Ontario milk firm builds in New York

DRESDEN, Ont. — Canada’s largest manufacturer of milk replacer has set its eyes on the American market with the opening of a 60,000 sq. foot plant in New York state.

“The full capacity of the plant will not be realized for some years. In our projections we contemplate eventually outstripping the Canadian operation,” said Jurian Bartelse, vice-president of Grober U.S.

Grober Nutrition, based in Cambridge, Ont., has had a presence in the northeastern United States for years but until now, it has relied on third-party manufacturers. Due to trade restrictions, the export of milk replacer from Canada to the U.S. is prohibited.

The Grober facility is expected to be the only plant of its kind operating in the American Northeast. That should give the Grober a logistics advantage in the region. The company is also targeting the U.S. Midwest, Bartelse said.

New York is the third largest dairy state and neighbouring Pennsylvania ranks fifth.

“We’re the new kid on the block. We want to come in with high quality products and with ingredients that we control and we’ll see where that will take us,” Bartelse said.

The plant is to be located in Auburn, a city of about 30,000 in central New York state.

Next door is a large, farmer-owned dairy plant, Cayuga Milk Ingredients, that will supply Grober with milk permeate, one ingredient for its replacer.

For the next few months, the plant will be used as a blending facility. By next spring, it’s expected the capital-intensive drying and evaporation facilities at the plant will be running.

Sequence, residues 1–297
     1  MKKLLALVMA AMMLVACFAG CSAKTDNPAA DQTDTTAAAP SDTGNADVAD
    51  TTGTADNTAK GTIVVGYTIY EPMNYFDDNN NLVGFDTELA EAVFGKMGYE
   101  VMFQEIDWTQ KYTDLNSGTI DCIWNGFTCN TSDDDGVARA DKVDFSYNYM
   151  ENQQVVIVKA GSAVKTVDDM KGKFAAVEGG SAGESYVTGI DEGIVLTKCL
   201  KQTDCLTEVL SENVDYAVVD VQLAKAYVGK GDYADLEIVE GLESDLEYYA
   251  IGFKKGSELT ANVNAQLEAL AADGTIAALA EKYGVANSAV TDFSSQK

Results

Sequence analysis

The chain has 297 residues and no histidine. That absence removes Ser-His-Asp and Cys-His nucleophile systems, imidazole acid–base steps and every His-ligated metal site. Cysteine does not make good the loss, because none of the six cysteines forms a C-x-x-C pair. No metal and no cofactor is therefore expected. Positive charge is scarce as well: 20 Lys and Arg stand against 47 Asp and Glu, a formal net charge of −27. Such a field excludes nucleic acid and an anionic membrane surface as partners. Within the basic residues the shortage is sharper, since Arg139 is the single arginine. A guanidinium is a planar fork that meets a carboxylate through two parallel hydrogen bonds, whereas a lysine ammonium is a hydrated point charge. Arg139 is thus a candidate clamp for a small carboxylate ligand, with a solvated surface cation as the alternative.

“We anticipate manufacturing ingredients, not just for ourselves but for the open market as well,” Bartelse said.

The milk replacer is to be marketed for replacement heifer calves along with kids and lambs.

Within five years, it’s expected to create 45 jobs created in the community.

While Grober’s plans are delivering an economic benefit to the city, other developments within the Canadian dairy industry have been less welcome by the community.

According to a Sept. 9 local media report, Cayuga Milk Ingredients is losing its Canadian market for milk protein ingredients and ultra-filtered milk because of Canada’s national ingredients strategy.

Cayuga chief executive officer, Kevin Ellis, has been quoted as saying: “Canada now desires to participate in the (Trans-Pacific Partnership), and these recent policy changes call into question whether the Canadian government can be trusted to honour their trade commitments long term.”

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